Compassion Can Work Magic


I first learned the value of kindness from my elderly neighbor. I had the most brilliant adventures sewing quilts at her home. She always told me what a good eye I had for colors and how lucky she was to have a helper.

My guardian angel in grade school was a wonderful substitute teacher. My maiden name was a funny one and I used to get teased. Mrs. Buechler taught me to always be kind to others. When I was kind, the name calling stopped and friendships developed.

Mr. Nelson saved the day in high school. He taught me about Thoreau and Emerson and also taught German, which sparked my love of travel. I contacted him to ask him how he feels about compassion. Now a professor, he was happy to answer my questions.

“One of our critical missions in life is to make life better for others around us,” he told me. “Teaching is a ‘human-to-human’ profession. Teachers must provide an emotionally safe classroom that fosters mutual respect and personal dignity. Good teachers provide students with not only academic background, but also a sense of belonging and the freedom to be human.

“Compassion comes, at least in part, from understanding hardship. Hardship is essential to deepen our understanding of what others need to feel valued. Those who do not seem to show compassion may still be learning. They, too, need our human understanding.

“In difficult situations, I always try to remember that everyone is human. Everyone has a life story that drives his or her thinking. This is part of the ‘human-to-human’ understanding. If we understand other people’s reasons for what they do, frustrations diminish. Understanding others helps us achieve better communication and work toward resolution.”

Our public figures in politics can be looked upon for strength, also. Sen. Al Franken gave me his thoughts on public service and compassion.

“Do Just and Good.” That is how he lives his life. “There are many different ways to do well, and public service seems like one of the most direct,” he told me.

I asked him how he stays grounded to remain so dedicated to public service.

“My family is the most important thing to me,” Sen. Franken said. “Franni and I have been together for over 40 years. She’s a partner in everything I do. My kids are great at reminding me what’s important. Basically, it’s important that I’m their dad. I’m certainly not Senator at home and that will always keep you grounded.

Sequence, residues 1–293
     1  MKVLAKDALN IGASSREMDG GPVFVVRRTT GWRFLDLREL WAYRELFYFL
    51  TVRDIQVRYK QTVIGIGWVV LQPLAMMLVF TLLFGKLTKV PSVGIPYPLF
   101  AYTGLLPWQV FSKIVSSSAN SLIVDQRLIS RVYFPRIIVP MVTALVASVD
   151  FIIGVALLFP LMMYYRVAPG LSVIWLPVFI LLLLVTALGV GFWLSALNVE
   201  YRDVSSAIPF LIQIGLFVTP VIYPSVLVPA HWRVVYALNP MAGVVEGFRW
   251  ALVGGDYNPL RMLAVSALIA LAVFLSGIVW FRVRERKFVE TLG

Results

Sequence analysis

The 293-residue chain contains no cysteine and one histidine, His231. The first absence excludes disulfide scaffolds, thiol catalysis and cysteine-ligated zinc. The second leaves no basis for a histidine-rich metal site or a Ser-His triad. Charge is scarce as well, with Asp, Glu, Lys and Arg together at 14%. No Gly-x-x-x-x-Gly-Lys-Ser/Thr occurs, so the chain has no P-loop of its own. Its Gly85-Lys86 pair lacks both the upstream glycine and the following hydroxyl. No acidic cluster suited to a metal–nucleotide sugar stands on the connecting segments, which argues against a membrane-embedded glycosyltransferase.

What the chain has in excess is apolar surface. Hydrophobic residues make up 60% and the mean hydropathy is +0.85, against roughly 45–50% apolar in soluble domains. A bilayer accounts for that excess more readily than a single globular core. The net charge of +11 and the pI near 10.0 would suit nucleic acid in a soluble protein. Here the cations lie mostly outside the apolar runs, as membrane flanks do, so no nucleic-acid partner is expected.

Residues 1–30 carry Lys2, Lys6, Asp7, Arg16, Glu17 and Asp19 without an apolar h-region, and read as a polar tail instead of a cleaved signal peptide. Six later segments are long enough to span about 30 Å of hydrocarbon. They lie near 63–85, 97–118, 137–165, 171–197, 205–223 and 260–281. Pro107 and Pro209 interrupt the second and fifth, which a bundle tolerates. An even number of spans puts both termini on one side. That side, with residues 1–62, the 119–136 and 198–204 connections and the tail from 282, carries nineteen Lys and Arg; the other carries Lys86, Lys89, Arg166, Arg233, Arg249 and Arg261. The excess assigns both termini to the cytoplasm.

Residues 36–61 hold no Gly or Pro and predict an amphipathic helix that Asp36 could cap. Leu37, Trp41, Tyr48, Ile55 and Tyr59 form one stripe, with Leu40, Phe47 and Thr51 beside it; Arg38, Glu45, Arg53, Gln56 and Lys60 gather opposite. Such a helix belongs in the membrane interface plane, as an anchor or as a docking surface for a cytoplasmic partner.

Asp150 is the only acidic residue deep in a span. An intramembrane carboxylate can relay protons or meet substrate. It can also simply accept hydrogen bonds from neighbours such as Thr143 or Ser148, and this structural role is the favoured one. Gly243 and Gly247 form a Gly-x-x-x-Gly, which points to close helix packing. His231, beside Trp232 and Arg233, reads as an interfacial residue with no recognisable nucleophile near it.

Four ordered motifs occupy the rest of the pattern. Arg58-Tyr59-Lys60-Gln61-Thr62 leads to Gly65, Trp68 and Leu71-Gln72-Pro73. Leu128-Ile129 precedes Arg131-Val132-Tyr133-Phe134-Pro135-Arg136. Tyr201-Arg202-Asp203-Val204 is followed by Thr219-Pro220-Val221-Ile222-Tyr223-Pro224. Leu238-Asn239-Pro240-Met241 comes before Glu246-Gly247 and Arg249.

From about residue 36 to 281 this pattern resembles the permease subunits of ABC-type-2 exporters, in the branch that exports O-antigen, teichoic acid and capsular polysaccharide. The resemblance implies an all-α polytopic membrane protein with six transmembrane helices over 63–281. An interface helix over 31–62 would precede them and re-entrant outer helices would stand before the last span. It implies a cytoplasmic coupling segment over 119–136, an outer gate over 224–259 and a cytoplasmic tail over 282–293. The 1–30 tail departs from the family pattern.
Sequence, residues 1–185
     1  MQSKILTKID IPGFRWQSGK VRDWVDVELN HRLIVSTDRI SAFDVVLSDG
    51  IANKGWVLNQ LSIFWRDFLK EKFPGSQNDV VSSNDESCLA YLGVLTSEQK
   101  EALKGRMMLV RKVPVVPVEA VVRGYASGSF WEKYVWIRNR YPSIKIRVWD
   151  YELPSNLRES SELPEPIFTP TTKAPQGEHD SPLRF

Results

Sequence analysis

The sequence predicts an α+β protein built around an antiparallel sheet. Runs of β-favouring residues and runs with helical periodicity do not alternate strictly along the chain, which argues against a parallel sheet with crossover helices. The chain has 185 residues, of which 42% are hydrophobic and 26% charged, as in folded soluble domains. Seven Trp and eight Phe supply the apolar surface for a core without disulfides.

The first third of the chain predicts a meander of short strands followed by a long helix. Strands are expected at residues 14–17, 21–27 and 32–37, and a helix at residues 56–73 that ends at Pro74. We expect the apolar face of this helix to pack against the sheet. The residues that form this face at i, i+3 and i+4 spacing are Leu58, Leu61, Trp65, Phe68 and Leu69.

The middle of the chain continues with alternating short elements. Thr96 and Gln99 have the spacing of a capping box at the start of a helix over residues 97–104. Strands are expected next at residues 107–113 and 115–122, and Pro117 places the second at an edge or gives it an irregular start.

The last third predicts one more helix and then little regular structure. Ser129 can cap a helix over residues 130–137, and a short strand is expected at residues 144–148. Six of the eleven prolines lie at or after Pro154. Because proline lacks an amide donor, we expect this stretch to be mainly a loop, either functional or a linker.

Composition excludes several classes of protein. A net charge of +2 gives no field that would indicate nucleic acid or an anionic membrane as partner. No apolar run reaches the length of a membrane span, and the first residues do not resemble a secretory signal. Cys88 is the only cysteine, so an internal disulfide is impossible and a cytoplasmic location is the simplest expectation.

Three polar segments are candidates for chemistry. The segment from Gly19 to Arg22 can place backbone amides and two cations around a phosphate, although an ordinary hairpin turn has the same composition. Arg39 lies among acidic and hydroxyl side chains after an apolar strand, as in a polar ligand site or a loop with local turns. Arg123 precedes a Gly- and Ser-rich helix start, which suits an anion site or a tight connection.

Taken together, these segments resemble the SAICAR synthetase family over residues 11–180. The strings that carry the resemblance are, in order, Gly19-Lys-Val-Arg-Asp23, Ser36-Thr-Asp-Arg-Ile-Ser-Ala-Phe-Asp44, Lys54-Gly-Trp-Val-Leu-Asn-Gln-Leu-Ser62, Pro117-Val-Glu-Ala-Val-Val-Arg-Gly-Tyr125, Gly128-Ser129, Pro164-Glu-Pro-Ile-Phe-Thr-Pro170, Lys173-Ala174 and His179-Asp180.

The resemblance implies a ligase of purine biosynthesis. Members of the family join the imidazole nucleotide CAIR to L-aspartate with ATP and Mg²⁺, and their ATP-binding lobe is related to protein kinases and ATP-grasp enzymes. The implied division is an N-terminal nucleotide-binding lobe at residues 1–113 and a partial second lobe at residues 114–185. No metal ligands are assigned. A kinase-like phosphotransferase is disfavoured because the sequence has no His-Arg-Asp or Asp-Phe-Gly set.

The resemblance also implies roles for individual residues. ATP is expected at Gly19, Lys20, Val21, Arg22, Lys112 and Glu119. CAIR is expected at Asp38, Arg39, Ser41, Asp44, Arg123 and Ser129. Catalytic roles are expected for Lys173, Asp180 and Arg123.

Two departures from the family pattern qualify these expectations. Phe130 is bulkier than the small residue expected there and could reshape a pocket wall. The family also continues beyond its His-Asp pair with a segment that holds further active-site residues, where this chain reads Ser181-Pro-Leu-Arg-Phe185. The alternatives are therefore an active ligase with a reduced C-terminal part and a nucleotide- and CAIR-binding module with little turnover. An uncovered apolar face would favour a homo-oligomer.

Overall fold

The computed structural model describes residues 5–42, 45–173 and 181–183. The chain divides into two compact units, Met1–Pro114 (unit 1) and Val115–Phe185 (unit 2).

“Caring about others is just the values my parents taught us. I think they’re the values all Minnesota parents try to teach their children. To be honest, I’m puzzled by people who don’t seem to be looking out for their neighbors. I think most people really are compassionate, even if you can’t see it right away, but the ones who truly don’t get it just puzzle me. I just try to work around it.

“Staying balanced in the face of negativity and misinformation is a struggle that I don’t always win. It helps very much to remember why I’m doing this. It isn’t about me. Paul Wellstone always said politics was about improving people’s lives, and I believe that’s true. When you’re focused on that goal, it’s much easier to tune out the rest of the noise.”

Many of us have these beliefs about doing good in the world and find exactly the job to fill that need. When a real disaster happens, it is reassuring to know that there are some people willing to risk it all to help us. Bruce and Sue Kerfoot are owners of Gunflint Lodge, a beautiful resort in Northern Minnesota that most Minnesotan’s have either been to or wish they had. Bruce and Sue are also Emergency Response Supervisors for the American Red Cross. Name a major disaster in recent years and they flew in to assist with meals and being on the ground crew. I asked Bruce about compassion, and his responses were brief and to the point. His motto is to “give more than you take.”

“I have had a good life,” Bruce said, “and many people helped me along the way. Now it is my time to contribute and help others. I have been raised in an environment where we have had to solve our daily problems and move on. We live by our own wits.”

I think about and smile at these people who have been an influence on me – from my teachers to a U.S. Senator. Often our lives find us confused or frustrated as to why something happens. But when you answer the “why” with compassion and gratitude, magic happens.

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